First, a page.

Next generation therapy for arthritis of the knee – a problem that usually gets worse

At last there is hope for a treatment for arthritis of the knee which, in the form of osteoarthritis, is often an ­intractable problem.

It inevitably gets worse with age and obesity because of wear and tear on this important weight-bearing joint. The cartilage on the bone surfaces gradually wears away until the bone is rubbing on bone, causing severe pain and disability.

This degenerative disease affects an increasing number of people who often endure a considerably reduced quality of life.

Now Liverpool University has joined the new international SIN Spain project which brings together specialists from 12 centres in Europe and the US and aims to tackle the pressing need for effective, economical osteoarthritis treatments.

“Osteoarthritis patients depend on new treatments to alleviate chronic pain and slow disease progression,” says project coordinator Dr Damien Dupin from Spain.

“There is a pressing and unmet global need, not only for effective therapeutic treatments, but also for understanding the causes and mechanisms of this disease and that’s where SIN Spain comes in.”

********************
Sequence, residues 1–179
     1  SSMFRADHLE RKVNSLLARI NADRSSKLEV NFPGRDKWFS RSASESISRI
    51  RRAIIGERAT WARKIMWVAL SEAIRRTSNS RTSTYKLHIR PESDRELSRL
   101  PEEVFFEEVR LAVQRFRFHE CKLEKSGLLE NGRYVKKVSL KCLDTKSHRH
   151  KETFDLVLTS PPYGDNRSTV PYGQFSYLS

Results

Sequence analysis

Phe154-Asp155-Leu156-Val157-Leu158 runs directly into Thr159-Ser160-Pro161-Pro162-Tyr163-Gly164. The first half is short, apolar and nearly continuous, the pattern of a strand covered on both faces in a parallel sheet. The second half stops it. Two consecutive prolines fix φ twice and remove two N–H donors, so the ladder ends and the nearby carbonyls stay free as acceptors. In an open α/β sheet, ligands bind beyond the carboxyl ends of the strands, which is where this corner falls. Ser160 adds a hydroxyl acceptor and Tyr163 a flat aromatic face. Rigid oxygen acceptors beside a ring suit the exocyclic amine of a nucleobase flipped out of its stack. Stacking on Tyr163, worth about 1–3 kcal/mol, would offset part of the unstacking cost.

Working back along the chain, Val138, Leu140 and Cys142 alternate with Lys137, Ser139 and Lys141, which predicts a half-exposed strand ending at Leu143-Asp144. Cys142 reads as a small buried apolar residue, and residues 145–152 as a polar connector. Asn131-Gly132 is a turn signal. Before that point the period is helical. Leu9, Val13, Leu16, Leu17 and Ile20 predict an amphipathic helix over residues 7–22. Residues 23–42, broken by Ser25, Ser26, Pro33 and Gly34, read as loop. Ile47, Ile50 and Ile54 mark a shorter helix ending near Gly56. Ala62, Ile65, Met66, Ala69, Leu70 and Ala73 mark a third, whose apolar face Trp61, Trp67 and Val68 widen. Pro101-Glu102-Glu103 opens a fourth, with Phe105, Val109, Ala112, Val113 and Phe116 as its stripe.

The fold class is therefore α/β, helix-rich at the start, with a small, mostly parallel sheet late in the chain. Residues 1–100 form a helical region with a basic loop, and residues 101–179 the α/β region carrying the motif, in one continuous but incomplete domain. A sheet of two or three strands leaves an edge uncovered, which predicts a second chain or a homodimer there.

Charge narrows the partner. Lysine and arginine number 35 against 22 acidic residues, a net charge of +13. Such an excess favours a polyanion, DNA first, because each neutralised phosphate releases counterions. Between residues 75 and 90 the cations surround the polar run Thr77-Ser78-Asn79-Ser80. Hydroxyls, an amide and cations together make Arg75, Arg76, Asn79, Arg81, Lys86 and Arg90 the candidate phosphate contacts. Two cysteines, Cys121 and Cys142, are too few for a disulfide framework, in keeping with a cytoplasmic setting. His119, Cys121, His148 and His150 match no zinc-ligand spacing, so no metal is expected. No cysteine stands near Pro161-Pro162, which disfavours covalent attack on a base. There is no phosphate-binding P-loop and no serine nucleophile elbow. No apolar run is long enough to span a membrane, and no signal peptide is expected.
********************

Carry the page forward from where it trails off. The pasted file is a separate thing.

Once considered a mechanical disease, caused by cartilage wear, osteoarthritis is now seen as a complex condition connecting ­inflammation, the immune system and biomechanics. SIN Spain believes there’s an interplaying mechanism of symptoms.

Aiming to develop novel advanced treatments, the project will create models from biopsies of patients’ knees that give a deep understanding of knee osteoarthritis, and will come up with products to help alleviate pain and slow disease progression.

The efficacy and safety of these nanotherapeutics will be proven and they’ll be used to find out how osteoarthritis progresses.

Profiles of patients will be used by machine-learning tools to devise personalised treatments according to a patient’s disease stage, with Liverpool University’s role being the safety ­assurance of these advanced treatments.

Dr Neill Liptrott of the ­university said: “We are delighted to be a part of this exciting, and ambitious, project.

“For many years now, we have been supporting the development and translation of advanced therapeutics through many national and international projects by determining possible adverse responses to new materials and approaches.

“Our role will be to identify possible unwanted immunological interactions of the materials developed in the project, in parallel with assessment of efficacy, to ensure a balance between the two.

“This project fits within a number of the university’s strategic aims, and with our broader portfolio of work, which includes the delivery of nucleic acid therapeutics.”